In 1990, outside the cafeteria of my college, I saw a job posted on a bulletin board full of similar notices about bikes lost or for sale or roomates wanted or whatever. Remember bulletin boards? It was a long, long time ago, but I remember the notice had a heart shaped symbol with an M inside of it, and said MainSpring House was looking for someone to answer the phone and help out in the kitchen on Saturdays. I had never heard of MainSpring House, but was interested in a job, so I called and was asked to come that same afternoon. I met Bill. I filled out an application form and got a tour of the place. It’s an old, very, very big house, there’s no other way to describe it. Brockton had once been a booming industrial town, known for shoe factories, and this must have been built by a shoe factory owner.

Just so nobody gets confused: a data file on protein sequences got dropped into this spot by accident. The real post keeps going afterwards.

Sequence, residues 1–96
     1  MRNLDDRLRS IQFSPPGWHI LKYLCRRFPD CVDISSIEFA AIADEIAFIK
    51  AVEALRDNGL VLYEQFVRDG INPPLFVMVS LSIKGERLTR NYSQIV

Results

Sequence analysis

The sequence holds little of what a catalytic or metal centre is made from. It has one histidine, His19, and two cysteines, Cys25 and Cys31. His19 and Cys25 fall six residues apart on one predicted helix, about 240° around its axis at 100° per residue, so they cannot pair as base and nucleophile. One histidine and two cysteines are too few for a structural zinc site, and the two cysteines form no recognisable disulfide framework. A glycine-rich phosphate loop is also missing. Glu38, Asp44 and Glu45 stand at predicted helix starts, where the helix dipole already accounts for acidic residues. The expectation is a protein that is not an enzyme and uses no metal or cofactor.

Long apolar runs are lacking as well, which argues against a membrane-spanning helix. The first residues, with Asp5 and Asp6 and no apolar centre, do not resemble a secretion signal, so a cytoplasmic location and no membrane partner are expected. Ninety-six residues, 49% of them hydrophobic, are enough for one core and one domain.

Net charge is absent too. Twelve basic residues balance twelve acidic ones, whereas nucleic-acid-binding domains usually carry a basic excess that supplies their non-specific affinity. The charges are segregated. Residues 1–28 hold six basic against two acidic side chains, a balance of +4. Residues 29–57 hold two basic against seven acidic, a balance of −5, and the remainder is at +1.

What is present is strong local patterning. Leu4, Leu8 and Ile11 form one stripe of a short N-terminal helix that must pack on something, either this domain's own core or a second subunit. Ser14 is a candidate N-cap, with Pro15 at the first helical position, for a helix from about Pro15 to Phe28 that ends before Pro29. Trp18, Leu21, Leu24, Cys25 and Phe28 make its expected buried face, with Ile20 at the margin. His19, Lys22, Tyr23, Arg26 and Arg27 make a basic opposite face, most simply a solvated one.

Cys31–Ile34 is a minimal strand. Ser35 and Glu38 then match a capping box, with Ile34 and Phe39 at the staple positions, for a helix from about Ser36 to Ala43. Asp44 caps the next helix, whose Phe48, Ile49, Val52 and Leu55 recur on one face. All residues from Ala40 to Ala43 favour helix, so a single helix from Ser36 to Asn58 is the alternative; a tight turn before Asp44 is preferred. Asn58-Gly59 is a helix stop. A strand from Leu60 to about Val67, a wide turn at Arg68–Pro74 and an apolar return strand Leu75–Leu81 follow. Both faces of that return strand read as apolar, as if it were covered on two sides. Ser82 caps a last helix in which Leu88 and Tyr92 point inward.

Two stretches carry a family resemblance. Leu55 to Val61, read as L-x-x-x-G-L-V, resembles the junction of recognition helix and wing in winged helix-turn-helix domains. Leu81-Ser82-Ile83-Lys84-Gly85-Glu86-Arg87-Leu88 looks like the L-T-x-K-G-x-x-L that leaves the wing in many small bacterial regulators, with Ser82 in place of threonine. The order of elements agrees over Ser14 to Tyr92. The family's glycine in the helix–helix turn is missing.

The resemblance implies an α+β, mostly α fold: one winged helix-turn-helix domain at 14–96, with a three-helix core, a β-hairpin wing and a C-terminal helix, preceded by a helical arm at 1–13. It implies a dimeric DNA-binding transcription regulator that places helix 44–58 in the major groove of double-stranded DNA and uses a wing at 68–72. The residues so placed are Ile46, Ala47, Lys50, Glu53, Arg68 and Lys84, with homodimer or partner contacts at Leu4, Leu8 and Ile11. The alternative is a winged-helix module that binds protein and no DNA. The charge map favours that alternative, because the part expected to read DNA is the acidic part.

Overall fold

One half of the house was for families and the other was for single men who had to leave each day and come back at 4:30 to have a shower, supper and spend the night in a big dorm room with 50 beds. Homelessness had exploded in the 1980s, as Reaganomics shrank the middle class, cut social service programs and closed hospitals for mentally ill patients. Many of the people most hurt by these policies were minorities and Vietnam vetrans. I met alot of Vietnam veterans in my work with the homeless. I was studying history at university, and, because of my experience at MainSpring, I dedicated my senior thesis to homelessness. The Reagan years were brutal. Homelessness and Vietnam veterans were in the news all the time, (remember Rambo?) and presented serious economic and social issues that I was in the right place and time to study and get personally involved with. It changed my life.